Aiming to improve accessibility, Washtenaw County reduces application fee for county ID card

The Washtenaw County Board of Commissioners recently approved a resolution to lower the Washtenaw County ID Card application fee from $25 to $10. The change took effect at the end of October.

“By reducing the fee, we’re helping folks that don’t have other forms of ID,” says Washtenaw County Chief Deputy Clerk Edward Golembiewski. 

The ID card is available to county residents ages 11 and older who may need a formal ID but are unable to access traditional identification forms like a driver's license. Golembiewski believes that the reduced fee will help to increase the amount of applications the county Office of Records sees in the coming years. He says Keta Cowan, former CEO of Ypsilanti-based Synod Community Services, was "instrumental" in gathering community feedback that led to the fee change.

“When the program launched in 2015, there were over 38,000 Washtenaw residents without any form of photo ID,” Golembiewski explains. “We want to reduce that number over time as far as we can, so folks can get on with daily life.”

The program is the first of its kind in Michigan, and has inspired other Midwest municipalities to launch similar programs. It was briefly suspended in 2020 due to the COVID-19 pandemic, but Golembiewski believes that the reduced fee will help to increase the number of applicants back to pre-pandemic levels.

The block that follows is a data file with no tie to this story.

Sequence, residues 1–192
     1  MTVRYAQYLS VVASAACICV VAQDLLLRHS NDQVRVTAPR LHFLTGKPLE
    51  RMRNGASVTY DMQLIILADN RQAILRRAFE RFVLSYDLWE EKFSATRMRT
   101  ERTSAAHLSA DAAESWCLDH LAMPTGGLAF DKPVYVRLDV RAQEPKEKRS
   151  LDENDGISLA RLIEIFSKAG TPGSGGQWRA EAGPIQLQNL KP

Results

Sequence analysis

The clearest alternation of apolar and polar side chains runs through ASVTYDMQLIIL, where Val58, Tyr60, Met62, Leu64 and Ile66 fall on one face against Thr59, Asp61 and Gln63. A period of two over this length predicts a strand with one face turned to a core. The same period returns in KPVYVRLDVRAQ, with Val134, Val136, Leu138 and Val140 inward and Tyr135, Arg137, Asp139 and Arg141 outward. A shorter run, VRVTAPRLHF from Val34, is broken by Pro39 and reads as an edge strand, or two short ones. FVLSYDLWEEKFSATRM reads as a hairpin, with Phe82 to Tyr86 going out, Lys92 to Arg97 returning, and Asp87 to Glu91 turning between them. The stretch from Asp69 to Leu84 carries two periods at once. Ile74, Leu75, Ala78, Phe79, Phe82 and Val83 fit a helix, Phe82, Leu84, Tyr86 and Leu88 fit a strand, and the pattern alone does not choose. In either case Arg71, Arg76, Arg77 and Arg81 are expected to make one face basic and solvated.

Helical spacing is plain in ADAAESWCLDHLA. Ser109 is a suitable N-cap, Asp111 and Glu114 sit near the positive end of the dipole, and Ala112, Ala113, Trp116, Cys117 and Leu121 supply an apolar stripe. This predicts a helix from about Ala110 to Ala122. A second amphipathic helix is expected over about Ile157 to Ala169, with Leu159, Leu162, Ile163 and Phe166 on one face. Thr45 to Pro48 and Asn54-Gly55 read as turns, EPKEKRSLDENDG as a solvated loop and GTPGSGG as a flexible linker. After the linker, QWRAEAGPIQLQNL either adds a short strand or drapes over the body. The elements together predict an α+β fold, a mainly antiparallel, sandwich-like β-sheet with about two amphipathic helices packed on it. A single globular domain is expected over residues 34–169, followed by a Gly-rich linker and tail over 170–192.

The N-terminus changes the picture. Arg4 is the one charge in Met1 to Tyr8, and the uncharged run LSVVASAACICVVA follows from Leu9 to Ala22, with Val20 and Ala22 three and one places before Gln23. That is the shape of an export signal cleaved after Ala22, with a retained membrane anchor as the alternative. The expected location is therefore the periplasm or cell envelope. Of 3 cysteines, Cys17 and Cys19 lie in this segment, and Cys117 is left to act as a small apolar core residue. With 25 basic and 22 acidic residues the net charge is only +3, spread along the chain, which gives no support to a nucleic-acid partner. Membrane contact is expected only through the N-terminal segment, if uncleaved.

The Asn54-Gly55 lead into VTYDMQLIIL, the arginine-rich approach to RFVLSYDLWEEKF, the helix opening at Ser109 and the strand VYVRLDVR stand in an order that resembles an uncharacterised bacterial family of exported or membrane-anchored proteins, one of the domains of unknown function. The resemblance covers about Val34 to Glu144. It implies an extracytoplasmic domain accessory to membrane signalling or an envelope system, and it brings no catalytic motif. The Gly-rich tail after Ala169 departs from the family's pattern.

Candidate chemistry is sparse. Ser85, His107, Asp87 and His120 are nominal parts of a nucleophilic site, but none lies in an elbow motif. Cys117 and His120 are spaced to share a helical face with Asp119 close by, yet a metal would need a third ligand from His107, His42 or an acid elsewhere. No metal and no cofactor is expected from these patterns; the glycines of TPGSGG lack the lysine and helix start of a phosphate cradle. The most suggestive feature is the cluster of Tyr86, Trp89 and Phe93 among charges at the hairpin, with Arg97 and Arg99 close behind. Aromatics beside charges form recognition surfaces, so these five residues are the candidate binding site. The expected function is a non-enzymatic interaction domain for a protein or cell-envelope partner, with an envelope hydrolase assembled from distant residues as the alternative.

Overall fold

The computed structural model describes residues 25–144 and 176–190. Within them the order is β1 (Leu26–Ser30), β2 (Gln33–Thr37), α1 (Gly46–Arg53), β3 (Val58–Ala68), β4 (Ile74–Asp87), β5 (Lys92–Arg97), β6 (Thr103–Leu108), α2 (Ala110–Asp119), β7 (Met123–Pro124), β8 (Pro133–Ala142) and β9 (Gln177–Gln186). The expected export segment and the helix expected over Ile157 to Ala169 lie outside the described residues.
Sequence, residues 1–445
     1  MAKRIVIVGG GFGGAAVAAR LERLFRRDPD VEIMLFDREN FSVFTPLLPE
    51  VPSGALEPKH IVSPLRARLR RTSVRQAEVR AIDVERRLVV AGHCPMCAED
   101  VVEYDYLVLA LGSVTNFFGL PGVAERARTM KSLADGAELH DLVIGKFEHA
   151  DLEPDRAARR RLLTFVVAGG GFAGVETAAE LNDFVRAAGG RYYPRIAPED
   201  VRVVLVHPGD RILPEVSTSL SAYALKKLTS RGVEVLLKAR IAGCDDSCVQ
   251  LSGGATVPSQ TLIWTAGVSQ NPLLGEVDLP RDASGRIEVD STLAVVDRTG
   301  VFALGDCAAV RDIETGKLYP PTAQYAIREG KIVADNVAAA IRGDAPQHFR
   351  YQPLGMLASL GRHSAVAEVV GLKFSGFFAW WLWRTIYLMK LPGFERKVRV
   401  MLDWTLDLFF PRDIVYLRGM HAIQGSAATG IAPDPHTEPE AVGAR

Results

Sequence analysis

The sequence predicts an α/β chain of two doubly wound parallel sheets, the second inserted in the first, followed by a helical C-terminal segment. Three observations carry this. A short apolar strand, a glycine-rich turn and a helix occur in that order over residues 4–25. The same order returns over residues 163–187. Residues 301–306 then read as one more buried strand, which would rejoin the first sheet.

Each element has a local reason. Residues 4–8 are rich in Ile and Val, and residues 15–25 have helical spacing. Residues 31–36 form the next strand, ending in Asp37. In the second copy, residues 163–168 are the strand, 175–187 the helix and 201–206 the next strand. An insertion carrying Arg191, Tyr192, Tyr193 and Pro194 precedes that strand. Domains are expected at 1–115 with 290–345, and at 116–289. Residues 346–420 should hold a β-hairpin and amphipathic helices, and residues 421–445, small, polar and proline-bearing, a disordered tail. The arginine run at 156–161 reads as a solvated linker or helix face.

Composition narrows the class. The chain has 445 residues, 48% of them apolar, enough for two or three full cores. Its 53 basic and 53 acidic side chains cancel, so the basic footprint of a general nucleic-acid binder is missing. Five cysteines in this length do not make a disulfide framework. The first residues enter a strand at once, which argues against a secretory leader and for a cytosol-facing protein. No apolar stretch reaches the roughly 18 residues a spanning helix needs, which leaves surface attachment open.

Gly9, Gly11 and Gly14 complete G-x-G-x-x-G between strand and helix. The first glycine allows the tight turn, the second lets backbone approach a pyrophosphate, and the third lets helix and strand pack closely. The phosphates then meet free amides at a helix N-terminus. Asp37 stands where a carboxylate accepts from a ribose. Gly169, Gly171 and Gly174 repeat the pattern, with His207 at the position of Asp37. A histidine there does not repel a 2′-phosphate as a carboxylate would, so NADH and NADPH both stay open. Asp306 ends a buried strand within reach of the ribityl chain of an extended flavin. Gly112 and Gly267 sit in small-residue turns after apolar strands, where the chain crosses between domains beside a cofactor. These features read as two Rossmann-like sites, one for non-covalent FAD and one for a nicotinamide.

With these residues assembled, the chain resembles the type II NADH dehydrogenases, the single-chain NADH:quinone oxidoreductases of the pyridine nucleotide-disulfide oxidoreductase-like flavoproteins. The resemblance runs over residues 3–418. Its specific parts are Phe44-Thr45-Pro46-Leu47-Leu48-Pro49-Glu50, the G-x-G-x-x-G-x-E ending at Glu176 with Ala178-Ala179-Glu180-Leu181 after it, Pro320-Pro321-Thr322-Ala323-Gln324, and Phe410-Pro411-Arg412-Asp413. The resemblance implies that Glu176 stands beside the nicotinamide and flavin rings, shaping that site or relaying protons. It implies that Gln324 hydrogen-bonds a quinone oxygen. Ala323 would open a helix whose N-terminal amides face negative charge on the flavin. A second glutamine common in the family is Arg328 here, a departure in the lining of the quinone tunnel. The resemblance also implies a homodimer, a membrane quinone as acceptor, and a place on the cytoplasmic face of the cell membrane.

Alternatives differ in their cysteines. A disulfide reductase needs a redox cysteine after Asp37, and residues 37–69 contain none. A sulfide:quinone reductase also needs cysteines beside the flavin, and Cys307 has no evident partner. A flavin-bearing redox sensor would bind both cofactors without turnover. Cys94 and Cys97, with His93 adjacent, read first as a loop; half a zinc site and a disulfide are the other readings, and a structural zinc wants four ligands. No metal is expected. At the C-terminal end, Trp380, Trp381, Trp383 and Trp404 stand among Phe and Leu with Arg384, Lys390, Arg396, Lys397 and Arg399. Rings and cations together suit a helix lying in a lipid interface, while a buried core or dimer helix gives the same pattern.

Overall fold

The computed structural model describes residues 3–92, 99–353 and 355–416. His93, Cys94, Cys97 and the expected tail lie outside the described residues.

“We've seen a slow return to what we were experiencing before [COVID-19],” he says. “This year we hit close to 300. Next year, with the fee decreasing, we hope that by making it more accessible, the number of applicants will increase. Next year we’re also going to redesign the card and reopen after that redesign, so we hope that will drive folks to apply and obtain IDs.”

More information on how to apply for a county ID card is available here. The program’s operating hours are Monday through Friday, 8:30 a.m. to 4 p.m.

Rylee Barnsdale is a Michigan native and longtime Washtenaw County resident. She wants to use her journalistic experience from her time at Eastern Michigan University writing for the Eastern Echo to tell the stories of Washtenaw County residents that need to be heard.
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